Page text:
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July 17, 2018

Closed negotiations take place on middle school

File Photo/Cassandra Brown
The school board hopes its new approach will convince the county supervisors to fund construction of a building to replace Warrenton Middle (pictured here) and Taylor Middle.
Two Aging Schools
> Taylor Middle

• Where: 350 E. Shirley Ave.

• Built: 1951, with addition in 1981.

• Enrollment: 443

• Capacity: 547

• Building: 93,000 square feet.

• Acres: 12

• Parking spaces: 58

> Warrenton Middle

• Where: 244 Waterloo St.

• Built: 1934, with addition in 1981.

• Enrollment: 417

• Capacity: 545

• Building: 94,000 square feet.

• Acres: 18

• Parking spaces: 103
By .(JavaScript must be enabled to view this email address)
Staff Journalist
Five companies remain in the running to build Fauquier’s next middle school — assuming the project gets funded.

A nine-member committee — whose members’ name remain confidential — last week interviewed representatives of the finalists. The names of those companies also remain secret.

Sixteen companies in February submitted proposals to build a new middle school, according to County Procurement Manager Susan Monaco.

Fauquier’s school system in January issued a request for proposals from architectural and engineering firms for an 800-student building, with the ability to expand to 950. 

> Documents at bottom of story

The building would replace Taylor and Warrenton middle schools, built in 1951 and 1934, respectively. It would stand on the Taylor campus along West Shirley Avenue in Warrenton.

Without setting a budget for the project, the school board in November unanimously decided to seek new proposals. That decision came after months of failing to reach an agreement with the county supervisors for funding construction of a new school.

Ms. Monaco ranked the proposals and, working with the nine-member committee, has negotiated with the highest-ranked firms.

The committee could make a recommendation in August or September to the school board, which would select a contractor.

The board has remained steadfast in its preference for new construction on the Taylor campus. 

But, the board of supervisors, which controls funding, will have the final say. A year ago, the supervisors unanimously rejected proposals to build a 1,000-seat school for $55 million and then an 800-student version for $45 million.

The supervisors cited the costs of other county projects — including construction of a broadband network and new fire/rescue stations — in rejecting the school board’s proposals.

In September, the supervisors offered a $33-million plan to renovate and expand Warrenton Middle School, which would absorb most of Taylor’s student body.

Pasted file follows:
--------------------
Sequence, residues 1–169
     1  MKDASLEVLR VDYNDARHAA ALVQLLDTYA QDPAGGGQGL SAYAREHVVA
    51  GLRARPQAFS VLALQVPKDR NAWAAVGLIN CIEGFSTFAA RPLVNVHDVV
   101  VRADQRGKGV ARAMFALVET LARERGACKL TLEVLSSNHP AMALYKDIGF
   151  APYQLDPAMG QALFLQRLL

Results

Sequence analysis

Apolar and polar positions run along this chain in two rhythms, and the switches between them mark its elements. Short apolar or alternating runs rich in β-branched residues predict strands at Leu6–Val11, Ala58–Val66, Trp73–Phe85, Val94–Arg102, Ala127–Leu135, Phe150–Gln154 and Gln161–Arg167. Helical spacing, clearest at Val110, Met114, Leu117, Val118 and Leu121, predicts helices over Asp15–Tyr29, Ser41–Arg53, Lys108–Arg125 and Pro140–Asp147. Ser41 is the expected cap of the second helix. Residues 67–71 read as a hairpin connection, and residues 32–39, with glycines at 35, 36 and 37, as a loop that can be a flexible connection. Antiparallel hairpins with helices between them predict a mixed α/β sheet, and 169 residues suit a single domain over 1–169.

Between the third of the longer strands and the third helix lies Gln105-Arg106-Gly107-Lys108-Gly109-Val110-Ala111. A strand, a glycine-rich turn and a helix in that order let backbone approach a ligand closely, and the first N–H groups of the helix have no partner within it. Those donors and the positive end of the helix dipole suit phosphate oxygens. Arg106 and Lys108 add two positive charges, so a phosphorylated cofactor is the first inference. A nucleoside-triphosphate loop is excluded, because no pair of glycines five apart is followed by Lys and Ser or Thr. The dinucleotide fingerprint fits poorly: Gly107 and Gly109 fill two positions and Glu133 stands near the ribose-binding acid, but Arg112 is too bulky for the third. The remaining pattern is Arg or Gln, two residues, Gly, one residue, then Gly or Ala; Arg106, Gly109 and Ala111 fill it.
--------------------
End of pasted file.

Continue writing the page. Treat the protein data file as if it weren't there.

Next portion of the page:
The school board rejected that offer.

Working with consultants, a 40-member committee in December 2016 recommended the consolidation of Taylor and Warrenton middle schools. The school board last January agreed to pursue a 1,000-student school on Taylor’s campus. 

But, the two elected boards met three times last year without reaching consensus on funding a plan to address the aging middle schools in Warrenton.

The school board hopes that a new proposal — possibly using a “prototype” or existing design — will produce a plan that wins the supervisors’ approval.

Middle School RFP 2018 by Fauquier Now on Scribd

Middle school RFP addition 1 by Fauquier Now on Scribd

Middle School RFP addition 2 by Fauquier Now on Scribd

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Merlin1 · July 25, 2018 at 4:28 pm
Please do not build this on the cheap or be so lovely (like FHS) that the building is not practical. Things like an auditorium, arts section, science labs need to be included. Cedar Lee, Auburn, and Marshall do not have auditoriums. They have concerts and plays in sub-standard facilities. The science labs are a non starter but of course what was there was never maintained or stocked as needed.
FHS has the most beautiful library--only problem is that there is very little room for books (less than the old building). The classrooms in the front of the building are an open target to anyone with a gun or a weather event like a tornado.
Think people before you build these buildings!! They will be around for a long time and should make sense in 10 years, not just be beautiful or cheap.
jschum403 · July 17, 2018 at 12:35 pm
Why the secrecy of who the nine committee members are? Does the Virginia Open Meeting Law apply?

Virginia FOIA covers the meetings of "public bodies," defined as any legislative body, authority, board, bureau, commission, district or agency of the Commonwealth or of any political subdivision of the Commonwealth, including cities, towns and counties, municipal councils, governing bodies of counties, school boards and planning commissions; boards of visitors of public institutions of higher education; and other organizations, corporations or agencies in the Commonwealth supported wholly or principally by public funds.
Va. Code § 2.2-3701. This definition encompasses a large number of state and local boards, commissions, and agencies, as well as the both houses of the Virginia General Assembly. It also includes committees created by a public body to perform delegated functions or to act in an advisory capacity, whether or not private individuals are members. At the state level, examples of public bodies include the State Board of Education, the State Air Pollution Control Board, the Innovative Technology Authority, and the Virginia Commission for the Arts. For a representative list of state-level public bodies, see the Commonwealth Calendar. At the local level, examples include local boards of education, city councils, and county zoning boards, among many other public bodies exercising local government authority.

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